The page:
The UN’s International Court of Justice (ICJ) advised last February that the UK was in unlawful occupation of the islands and demanded their return to Mauritius, which sold them to Britain in 1965, as quickly as possible. The UN general assembly endorsed the opinion last May and set a deadline for implementation of 22 November 2019 which was ignored. The UK ownership of the archipelago and forced eviction of inhabitants to make way for the US airbase on Diego Garcia remains the subject of escalating legal challenges.
And David Snoxell, a former British high commissioner to Mauritius from whom Britain purchased the Chagos Islands in 1965, believes their could be a heavy price to pay for ignoring the ruling.
He told The Observer: “It must be in the UK’s interest to be seen to abide by international law, especially now the UK is in search of a new role in the world, following withdrawal from the EU and the uncertainty of our special relationship with the US.
“To continue in breach of human rights and the rule of law will have implications for the UK’s reputation and permanent seat on the security council, as happened in November 2017 when for the first time the UK judge on the ICJ failed to be re-elected.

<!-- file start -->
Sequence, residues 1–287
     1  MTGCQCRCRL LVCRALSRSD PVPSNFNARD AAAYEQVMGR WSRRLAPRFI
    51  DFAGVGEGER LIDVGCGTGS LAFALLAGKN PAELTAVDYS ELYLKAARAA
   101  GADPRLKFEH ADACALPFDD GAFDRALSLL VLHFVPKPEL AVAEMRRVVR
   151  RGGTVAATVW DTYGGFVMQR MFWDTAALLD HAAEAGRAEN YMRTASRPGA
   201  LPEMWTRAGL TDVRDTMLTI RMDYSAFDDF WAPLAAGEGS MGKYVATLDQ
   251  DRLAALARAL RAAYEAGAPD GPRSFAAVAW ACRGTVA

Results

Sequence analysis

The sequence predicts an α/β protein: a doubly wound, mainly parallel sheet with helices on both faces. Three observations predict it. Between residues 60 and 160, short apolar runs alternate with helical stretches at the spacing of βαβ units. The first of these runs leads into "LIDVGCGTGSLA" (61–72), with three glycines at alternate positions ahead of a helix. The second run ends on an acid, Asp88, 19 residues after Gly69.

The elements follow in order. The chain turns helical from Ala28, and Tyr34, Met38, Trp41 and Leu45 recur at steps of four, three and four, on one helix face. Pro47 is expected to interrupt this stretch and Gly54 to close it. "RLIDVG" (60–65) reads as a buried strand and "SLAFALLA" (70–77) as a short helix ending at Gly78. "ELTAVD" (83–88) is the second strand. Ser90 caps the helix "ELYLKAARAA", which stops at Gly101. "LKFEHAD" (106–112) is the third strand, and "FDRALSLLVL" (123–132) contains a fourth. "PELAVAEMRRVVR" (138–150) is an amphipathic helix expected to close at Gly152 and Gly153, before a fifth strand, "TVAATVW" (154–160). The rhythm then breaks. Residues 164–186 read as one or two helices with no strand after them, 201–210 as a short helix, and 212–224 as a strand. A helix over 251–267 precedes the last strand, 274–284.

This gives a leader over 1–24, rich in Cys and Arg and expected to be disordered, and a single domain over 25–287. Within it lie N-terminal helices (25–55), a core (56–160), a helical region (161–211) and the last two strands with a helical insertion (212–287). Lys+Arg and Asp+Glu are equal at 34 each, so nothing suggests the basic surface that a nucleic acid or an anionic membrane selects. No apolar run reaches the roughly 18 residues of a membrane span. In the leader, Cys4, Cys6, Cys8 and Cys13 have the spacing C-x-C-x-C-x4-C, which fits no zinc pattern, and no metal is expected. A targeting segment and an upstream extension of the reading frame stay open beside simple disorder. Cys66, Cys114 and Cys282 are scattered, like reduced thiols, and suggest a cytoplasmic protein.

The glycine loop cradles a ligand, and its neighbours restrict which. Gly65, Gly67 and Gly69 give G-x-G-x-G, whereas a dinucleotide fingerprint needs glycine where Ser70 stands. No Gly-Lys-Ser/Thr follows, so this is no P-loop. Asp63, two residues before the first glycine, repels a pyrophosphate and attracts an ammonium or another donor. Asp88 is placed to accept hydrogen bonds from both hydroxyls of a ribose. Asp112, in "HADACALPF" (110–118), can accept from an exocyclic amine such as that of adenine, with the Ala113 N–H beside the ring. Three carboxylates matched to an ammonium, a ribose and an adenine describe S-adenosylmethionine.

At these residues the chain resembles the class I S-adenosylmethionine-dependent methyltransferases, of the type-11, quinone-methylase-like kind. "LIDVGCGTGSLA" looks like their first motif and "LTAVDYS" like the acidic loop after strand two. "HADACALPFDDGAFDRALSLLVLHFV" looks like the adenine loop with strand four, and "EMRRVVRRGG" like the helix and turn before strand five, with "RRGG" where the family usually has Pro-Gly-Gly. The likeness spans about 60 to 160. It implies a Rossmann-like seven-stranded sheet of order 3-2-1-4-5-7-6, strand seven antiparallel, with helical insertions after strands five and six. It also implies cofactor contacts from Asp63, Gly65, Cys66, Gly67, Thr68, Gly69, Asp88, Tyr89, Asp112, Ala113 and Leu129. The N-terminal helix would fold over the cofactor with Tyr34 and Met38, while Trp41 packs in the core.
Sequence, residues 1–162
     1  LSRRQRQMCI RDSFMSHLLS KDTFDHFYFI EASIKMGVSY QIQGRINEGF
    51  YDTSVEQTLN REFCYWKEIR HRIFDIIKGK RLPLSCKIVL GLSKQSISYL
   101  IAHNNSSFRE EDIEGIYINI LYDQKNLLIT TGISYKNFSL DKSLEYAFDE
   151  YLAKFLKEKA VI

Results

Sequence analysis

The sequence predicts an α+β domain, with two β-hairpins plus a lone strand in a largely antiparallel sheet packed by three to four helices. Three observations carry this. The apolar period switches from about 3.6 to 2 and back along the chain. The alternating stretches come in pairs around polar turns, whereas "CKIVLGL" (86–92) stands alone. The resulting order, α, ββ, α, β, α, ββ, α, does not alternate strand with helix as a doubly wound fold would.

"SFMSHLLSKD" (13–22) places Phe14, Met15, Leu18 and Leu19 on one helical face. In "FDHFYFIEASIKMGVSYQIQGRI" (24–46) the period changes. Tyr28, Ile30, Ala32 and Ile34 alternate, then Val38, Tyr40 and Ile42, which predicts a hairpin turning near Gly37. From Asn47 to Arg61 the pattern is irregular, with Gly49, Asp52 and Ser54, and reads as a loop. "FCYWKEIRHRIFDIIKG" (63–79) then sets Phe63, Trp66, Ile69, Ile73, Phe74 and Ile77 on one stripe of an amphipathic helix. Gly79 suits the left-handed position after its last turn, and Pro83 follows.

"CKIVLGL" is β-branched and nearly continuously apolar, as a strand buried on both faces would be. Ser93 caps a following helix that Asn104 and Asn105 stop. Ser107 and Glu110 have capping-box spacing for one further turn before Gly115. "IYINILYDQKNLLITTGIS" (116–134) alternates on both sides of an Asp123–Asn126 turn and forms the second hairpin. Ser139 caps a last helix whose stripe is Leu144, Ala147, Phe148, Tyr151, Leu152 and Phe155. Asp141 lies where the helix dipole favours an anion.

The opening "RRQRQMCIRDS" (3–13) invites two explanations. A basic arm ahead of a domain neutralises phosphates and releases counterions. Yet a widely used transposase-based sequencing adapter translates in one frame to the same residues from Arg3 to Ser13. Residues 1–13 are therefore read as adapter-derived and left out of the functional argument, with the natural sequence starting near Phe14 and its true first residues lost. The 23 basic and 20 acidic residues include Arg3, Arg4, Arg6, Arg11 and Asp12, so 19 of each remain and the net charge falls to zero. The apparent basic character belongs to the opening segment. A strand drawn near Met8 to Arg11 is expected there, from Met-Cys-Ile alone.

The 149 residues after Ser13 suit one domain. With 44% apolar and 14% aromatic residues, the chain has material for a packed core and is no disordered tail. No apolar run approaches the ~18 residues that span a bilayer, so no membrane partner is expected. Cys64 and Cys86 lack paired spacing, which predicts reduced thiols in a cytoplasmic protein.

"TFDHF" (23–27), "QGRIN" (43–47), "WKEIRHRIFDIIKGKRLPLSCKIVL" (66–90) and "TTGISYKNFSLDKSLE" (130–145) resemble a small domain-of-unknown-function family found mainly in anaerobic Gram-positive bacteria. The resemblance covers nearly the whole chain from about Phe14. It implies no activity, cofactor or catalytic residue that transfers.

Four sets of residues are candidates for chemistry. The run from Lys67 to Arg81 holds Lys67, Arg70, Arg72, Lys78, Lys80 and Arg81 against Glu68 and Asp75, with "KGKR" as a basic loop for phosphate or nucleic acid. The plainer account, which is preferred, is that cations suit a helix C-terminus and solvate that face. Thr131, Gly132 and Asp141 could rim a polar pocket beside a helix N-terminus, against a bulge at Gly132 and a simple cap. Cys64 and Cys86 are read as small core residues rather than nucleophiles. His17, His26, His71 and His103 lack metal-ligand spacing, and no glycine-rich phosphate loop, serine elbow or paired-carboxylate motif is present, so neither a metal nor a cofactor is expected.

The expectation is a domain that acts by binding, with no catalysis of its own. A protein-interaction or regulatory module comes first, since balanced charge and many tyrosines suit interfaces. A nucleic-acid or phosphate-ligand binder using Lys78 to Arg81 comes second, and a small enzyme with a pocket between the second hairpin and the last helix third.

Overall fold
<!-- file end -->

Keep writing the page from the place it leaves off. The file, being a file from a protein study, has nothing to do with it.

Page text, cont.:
“It would relegate the UK to a minor part on the international stage if we lost our seat on the security council.”
Mauritian prime minister Pravind Jugnauth last month told the BBC he was considering bringing charges of crimes against humanity against individual British officials at the International Criminal Court as a result of the UK’s failure to act.
He said: “It is a violation of the basic principle of human rights.
“I fail to understand why Britain, this Government, is being so stubborn.”
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Mr Snoxell said: “If the Government fails to negotiate a settlement with Mauritius there is a possibility of former Foreign Office ministers and British Indian Ocean Territory commissioners finding themselves before the International Criminal Court, charged with crimes against humanity.
“This is an alarming prospect and deeply humiliating for all that the UK has always stood for.
“It goes against all our principles from Nuremberg onwards. Under Article 7 of the Rome Statute deportation or forcible transfer of a population is defined as a crime against humanity.”